Answering fundamental philosophical criticisms

The following philosophical criticisms appear to relevant to my proposed Altruistic Cooperation morality. They are from Verbeek and Morris’ overview article “Game Theory and Ethics”  in the online The Stanford Encyclopedia of Philosophy.  I recommend both the article and the resource.

From the viewpoint of the reference, Altruistic Cooperation is a functional morality revealed by evolutionary game theory.

For convenience, I’ll summarize my claims here:

“The function (the primary reason they exist) of all past and present enforced cultural norms (enforced moral standards) is to increase the benefits of altruistic cooperation in groups”.

And this function’s implied principle is:

“Altruistic acts that also increase the benefits of cooperation in groups are evolutionarily moral” (For reasons  described in the Glossary, altruism is here defined as  “Acting without consideration of future benefits, at a cost to one’s self, and benefiting other people”.)

Finally, I claim this is the most culturally useful presently available definition of morality for groups choosing (as an instrumental choice) moral standards to be enforced and for individuals choosing (again as an instrumental choice) which moral standards to accept the burdens of.

The following philosophical criticisms present the case that it is a fundamentally flawed idea that game theory (and more generally science) can be the source of a culturally useful definition of what norms ought to be enforced (what behaviors ought to be enforced as moral obligations).

Whether the specific factual claims I am presenting about Evolutionary Morality are ‘true’ in the normal sense of science, independent of these fundamental philosophical concerns, is addressed separately.

Here are the five philosophical criticisms:

1. “The fact that a practice or an institution has a particular function need not explain either its emergence or its maintenance.”

2. “Similarly, even if moral norms and practices serve to bring about Pareto-superior outcomes not realizable through uncoordinated individually rational action, no explanation of the existence and persistence of morality is provided unless it is shown that this function somehow motivates human action and or in some other way is causally effective in bringing about mutually beneficial outcomes.”

3. “… it is open to question whether morality coincides with mutually advantageous or Pareto-superior outcomes in the manner suggested. Many thinkers have argued that we often are morally required to act in ways which are disadvantageous to all. An obvious example is the often-affirmed prohibition against selling oneself into slavery. It might very well be advantageous to both slave and master (the slave would be able to pay off his debts and the master would have a practical solution for the daily housework), yet it is morally and legally prohibited.”

4. “… the functionalist account clearly assumes that the demands of morality conflict with individual rationality. Morality is supposed to correct problems of threatening Pareto-inefficiency which would be the result of unfettered (interdependent) individual rational action. On the functionalist account the moral agent seems ipso facto to be irrational (barring considerations of guilt-avoidance or regret). This then begs the question ‘why be moral?’. Functionalism precludes an answer to this question.”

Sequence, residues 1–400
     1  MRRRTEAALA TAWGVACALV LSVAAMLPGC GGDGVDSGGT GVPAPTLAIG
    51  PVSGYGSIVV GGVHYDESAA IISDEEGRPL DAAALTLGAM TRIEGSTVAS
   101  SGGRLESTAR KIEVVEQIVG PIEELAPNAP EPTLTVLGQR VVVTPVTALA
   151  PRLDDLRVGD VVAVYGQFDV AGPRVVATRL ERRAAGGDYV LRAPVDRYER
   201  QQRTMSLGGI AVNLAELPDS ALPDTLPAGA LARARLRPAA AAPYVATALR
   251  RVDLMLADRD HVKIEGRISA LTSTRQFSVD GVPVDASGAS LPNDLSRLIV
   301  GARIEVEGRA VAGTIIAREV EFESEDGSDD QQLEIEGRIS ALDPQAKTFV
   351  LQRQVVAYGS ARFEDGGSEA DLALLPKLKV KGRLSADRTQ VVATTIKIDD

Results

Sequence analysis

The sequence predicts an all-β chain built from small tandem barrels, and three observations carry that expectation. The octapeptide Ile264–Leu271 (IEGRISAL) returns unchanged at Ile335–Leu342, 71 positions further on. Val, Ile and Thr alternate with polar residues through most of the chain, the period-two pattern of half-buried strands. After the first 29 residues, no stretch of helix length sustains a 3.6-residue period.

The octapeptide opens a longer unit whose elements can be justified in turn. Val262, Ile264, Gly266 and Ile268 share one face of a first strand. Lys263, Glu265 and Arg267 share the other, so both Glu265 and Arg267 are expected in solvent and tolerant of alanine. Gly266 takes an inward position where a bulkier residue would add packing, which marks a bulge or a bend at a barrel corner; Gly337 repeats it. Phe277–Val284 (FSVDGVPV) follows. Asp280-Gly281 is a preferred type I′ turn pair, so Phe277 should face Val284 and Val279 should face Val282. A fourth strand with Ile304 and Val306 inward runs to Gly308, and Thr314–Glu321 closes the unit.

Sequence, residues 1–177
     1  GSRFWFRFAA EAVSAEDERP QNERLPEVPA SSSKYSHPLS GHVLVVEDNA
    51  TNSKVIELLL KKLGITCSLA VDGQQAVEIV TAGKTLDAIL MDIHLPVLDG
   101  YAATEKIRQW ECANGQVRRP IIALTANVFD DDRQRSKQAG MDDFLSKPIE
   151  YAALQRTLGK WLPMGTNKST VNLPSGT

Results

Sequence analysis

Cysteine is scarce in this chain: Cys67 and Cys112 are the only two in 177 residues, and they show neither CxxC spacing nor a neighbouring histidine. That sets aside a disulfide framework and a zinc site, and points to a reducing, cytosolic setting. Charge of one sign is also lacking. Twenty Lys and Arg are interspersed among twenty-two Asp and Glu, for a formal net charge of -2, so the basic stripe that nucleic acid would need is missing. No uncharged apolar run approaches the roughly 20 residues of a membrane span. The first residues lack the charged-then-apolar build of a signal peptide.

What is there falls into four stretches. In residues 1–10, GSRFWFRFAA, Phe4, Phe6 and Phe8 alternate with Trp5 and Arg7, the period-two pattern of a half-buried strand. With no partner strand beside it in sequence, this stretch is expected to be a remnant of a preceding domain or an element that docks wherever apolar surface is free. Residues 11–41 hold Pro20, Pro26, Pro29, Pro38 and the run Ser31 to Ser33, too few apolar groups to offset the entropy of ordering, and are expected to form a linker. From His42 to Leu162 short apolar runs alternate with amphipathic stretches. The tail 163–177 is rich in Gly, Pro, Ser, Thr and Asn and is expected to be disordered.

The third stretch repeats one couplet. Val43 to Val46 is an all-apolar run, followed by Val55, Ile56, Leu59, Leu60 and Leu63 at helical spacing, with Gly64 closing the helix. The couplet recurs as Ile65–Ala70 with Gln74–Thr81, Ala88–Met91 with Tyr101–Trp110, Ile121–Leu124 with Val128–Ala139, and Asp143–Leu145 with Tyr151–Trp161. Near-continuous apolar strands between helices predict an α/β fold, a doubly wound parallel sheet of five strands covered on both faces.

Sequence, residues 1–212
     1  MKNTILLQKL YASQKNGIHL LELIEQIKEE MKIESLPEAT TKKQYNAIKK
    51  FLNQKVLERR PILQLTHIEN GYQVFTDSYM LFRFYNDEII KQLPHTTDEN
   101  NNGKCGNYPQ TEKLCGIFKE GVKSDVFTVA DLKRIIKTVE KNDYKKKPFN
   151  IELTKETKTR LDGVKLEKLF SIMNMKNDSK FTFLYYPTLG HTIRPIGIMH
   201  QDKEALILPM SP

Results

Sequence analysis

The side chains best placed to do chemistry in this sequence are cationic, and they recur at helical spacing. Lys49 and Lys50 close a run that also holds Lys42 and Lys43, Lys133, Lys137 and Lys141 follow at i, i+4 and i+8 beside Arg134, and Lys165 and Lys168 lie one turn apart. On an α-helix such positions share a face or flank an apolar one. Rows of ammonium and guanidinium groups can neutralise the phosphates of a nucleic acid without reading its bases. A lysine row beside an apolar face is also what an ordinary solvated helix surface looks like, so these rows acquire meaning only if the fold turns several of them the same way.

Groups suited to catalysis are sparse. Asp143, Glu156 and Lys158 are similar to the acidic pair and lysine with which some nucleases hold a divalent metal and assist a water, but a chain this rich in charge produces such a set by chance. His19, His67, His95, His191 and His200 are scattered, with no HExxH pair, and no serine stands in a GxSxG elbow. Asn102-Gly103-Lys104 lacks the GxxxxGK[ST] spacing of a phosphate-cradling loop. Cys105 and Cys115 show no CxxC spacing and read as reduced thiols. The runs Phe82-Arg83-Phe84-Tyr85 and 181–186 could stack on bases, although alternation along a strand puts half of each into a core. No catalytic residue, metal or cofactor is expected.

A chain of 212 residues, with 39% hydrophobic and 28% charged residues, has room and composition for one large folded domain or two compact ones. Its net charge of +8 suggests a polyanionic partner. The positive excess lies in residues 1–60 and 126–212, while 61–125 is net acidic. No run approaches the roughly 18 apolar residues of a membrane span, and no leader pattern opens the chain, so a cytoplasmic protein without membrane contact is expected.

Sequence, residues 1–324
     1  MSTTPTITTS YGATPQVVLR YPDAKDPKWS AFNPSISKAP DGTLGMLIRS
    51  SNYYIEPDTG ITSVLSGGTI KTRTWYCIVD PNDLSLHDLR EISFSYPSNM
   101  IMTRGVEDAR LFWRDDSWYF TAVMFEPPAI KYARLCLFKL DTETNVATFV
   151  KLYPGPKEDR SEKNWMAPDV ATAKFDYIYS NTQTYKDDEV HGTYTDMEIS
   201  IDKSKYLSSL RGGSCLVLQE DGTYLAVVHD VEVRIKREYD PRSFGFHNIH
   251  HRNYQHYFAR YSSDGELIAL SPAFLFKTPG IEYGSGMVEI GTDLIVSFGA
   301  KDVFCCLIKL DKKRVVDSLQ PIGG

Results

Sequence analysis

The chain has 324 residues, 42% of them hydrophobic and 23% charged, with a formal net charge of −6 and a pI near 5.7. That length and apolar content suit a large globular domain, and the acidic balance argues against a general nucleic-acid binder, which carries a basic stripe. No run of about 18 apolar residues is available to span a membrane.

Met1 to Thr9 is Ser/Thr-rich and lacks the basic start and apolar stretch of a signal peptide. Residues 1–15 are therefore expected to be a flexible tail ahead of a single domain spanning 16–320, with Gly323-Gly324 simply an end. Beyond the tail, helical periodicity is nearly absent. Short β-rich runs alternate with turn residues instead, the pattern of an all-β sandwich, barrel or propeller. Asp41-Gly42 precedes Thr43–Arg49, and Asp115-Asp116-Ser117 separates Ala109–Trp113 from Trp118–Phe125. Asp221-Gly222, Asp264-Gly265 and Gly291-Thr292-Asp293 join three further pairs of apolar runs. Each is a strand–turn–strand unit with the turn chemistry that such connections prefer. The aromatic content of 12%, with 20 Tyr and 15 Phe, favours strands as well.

5. “… finally, the objective of functionalist accounts is of limited interest to moral theorists. Functionalism appears to seek explanations of the emergence and persistence of moral norms and practices. Moral theorists are not interested principally in such explanations. Rather, they usually seek to understand morality with the aim of ascertaining what we should do or what we are obligated to do. It is morality as a guide to action and to life that is the principal interest of the moral philosopher. Morality here is normative, a source of guidance. Suppose that there were a plausible functional explanation of particular moral norms. (Or as in the case of Evolutionary Morality, a single universal function of virtually all enforced moral standards.) Does that explanation show that I am, in fact, obligated to follow these norms when they apply to me? There seems to be a difference between (a) determining the function(s) of morality and (b) ascertaining whether a particular set of norms and practices are, in fact, the ones we should follow. It is not clear how this question is answered by functionalist accounts.” (Words in italics added.)

Now we can begin:

1. “The fact that a practice or an institution has a particular function need not explain either its emergence or its maintenance.”

Answer: By defining function as “the primary reason something exists in its environment”, the function of enforced cultural norms does explain both the emergence and maintenance of enforced moral standards. In the case of enforced cultural norms and our biological heuristics for morality (moral emotions) this function has been constant. The impression that the function of morality changes (as proposed in Phillip Kitcher’s new book “The Ethics Project”) may be largely due to the different benefits of its biological and cultural heuristics and the two radical shifts in the dominant benefits of morality that took place prior to the time of the classical Greek philosophers, see Social Morality’s random walk through time, and 2.1 Explains historical puzzlement about the origins and nature of morality”.